Fort George Spruce Ale — Huge spruce nose and taste. Not for everyone, but very interesting beer. I really liked it.
Laurelwood Organic Green Elephant IPA– I thought the name derived from its green aroma, but the true story is more colorful than that. Big, citrusy hops, but very drinkable balanced with sweetness from the malt.
MateVeza Yerba Mate Black Lager — This beer’s many competing flavors didn’t quite come together for me, but it was the most unique beer I tried today. Notes of coffee, not too bitter, with a green taste from the yerba mate.
Santa Cruz People’s Porter — A good coffee porter flavored with Guatemalan coffee.
Uncommon Brewers Bacon Brown Ale — Yes, bacon ale. Surprisingly good, with the bacon coming through as a smokiness on the finish. It reminds me of a good bacon-washed bourbon.
Upright Rose City Seven — Someday Upright will release a beer I don’t like. Today is not that day. This is a limited edition of their Seven aged in Pinot Noir Barrels and flavored with hibiscus, rose hips, and rose petals. Fans of sour ales will enjoy this.
Food Cart Bonus — I finally tried Violetta. Their Oregon corn dog with sweet potato fries were just what I needed after a couple hours imbibing.
An interesting bit of history from Houston bartender Bobby Heugel’s weekly drink column, this week about the Tom Collins:
The era’s infatuation with Old Tom Gin today seems most analogous to our society’s accessibility to and reliance upon Starbucks. Among various other alcoholic habits, Tom Gin fanatics would approach neighborhood bars that had wooden cat silhouettes hanging on the walls — hence the second origin story, that the drink is named after a bar cat. They would then deposit a coin in the cat’s eye, alerting the bartender inside to pour a shot into a tube that extended out from the cats paws. The person would place their mouth on the tube and drink the flowing gin. Now, that’s drive-thru service!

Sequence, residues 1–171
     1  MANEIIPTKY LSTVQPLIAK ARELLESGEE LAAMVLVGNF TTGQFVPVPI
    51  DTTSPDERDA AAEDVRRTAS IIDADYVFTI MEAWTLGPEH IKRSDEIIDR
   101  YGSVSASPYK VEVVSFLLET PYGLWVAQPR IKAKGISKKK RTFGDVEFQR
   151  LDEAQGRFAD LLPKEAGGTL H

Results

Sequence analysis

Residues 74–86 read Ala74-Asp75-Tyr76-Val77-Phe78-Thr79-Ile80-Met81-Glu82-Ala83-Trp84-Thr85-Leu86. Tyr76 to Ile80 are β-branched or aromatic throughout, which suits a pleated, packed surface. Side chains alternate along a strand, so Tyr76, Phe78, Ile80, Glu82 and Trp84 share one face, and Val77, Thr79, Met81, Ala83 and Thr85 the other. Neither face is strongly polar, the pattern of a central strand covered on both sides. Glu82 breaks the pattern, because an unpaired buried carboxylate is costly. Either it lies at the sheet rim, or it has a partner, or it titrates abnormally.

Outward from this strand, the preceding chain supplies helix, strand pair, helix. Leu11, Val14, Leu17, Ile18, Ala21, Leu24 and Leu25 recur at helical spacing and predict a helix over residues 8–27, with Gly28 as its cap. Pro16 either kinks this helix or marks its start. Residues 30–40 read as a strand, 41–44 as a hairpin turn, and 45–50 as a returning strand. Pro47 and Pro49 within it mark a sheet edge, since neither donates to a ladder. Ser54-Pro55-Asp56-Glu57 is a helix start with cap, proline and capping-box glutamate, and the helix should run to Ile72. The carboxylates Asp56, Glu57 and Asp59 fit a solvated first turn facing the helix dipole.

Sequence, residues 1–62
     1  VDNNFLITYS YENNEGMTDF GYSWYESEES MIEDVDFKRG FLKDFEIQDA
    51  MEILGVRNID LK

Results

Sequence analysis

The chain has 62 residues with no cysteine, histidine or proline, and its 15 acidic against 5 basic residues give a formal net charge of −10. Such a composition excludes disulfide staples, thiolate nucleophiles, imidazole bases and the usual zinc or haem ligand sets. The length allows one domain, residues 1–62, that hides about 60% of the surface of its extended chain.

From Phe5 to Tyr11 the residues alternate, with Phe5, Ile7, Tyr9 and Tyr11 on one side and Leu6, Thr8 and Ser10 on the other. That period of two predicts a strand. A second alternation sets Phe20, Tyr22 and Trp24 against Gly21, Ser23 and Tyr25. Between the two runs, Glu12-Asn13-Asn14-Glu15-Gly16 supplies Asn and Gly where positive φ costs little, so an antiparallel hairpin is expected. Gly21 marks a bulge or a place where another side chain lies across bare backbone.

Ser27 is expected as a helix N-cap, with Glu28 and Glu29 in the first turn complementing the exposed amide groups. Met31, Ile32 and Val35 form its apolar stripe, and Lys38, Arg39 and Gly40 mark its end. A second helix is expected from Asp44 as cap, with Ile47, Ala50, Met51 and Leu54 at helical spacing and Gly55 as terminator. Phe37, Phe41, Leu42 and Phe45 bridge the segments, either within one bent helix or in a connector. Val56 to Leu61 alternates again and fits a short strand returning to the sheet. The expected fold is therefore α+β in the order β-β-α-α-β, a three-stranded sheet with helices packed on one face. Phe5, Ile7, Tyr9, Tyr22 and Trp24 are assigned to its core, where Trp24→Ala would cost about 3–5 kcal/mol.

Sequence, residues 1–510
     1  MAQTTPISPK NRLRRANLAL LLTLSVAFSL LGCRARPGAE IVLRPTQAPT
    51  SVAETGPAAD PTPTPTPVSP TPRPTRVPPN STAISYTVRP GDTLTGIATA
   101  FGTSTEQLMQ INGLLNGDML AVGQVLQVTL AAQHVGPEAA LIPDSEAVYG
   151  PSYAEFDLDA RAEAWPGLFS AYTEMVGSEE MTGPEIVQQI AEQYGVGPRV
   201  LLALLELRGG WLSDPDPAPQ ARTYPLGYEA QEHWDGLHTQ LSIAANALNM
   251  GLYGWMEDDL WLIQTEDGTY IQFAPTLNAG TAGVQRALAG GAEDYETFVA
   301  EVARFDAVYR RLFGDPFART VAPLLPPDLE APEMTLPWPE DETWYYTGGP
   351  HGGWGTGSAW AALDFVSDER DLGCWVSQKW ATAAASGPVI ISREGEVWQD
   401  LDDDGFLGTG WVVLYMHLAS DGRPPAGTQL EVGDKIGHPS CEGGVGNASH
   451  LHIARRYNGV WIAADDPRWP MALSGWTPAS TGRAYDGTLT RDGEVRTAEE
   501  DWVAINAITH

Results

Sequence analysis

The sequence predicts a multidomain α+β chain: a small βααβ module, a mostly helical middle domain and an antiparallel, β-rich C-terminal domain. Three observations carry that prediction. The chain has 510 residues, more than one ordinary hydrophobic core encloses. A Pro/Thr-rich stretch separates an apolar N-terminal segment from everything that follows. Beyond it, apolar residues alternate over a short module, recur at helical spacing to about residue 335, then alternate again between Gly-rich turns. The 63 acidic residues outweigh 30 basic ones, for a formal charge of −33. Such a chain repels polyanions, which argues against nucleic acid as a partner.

I’m generally optimistic about social progress, but on the availability of Old Tom gin we are clearly backsliding!
I’ve written a couple times about how changes in the design of currency impose costs on magicians by making it harder to use gaffs and putting existing gaffs out of date. There’s a similar dynamic at work with playing cards. Without getting into specifics, it’s no secret that trick cards exist. If a magician wants to incorporate gaffed cards into his act he’s going to want to buy them with a consistent design. For example, I decided many years ago to purchase red-backed gaffs whenever possible. If I want to be able to use them during a performance it’s best to have them all be one color; switching from a red deck to a blue deck and back again would arouse suspicion.
Similarly, all magicians benefit from defaulting to a common back design. If there were multiple, equally popular designs, different gaffs would be sold with different backs, making them incompatible with each other. We’re better off sticking with one design as the default. It’s a classic network externality: the more magicians who use a single design, the higher the value of that design to all of them. It’s even better if the design is also popular with laymen. That way the cards appear innocent and ungaffed decks can be purchased easily and cheaply.
Up until recently that was exactly how the magic card market worked. Due to some changes in the industry things are shifting a little. It will be interesting to watch how it plays out.
Trips and Squeezers
This weekend I became a little more native Portland with my first experience brewing beer. Courtesy of my friend Paul, we set aside a few hours to try our hands at making rauchbier, beer brewed with smoked malts. In true locavore tradition we took advantage of his abundant backyard rosemary to smoke the grains:
Rosemary smoke is delightful. The smokiness carried over into the wort nicely pre-hopping. We’ll find out soon how it ends up in the finished product.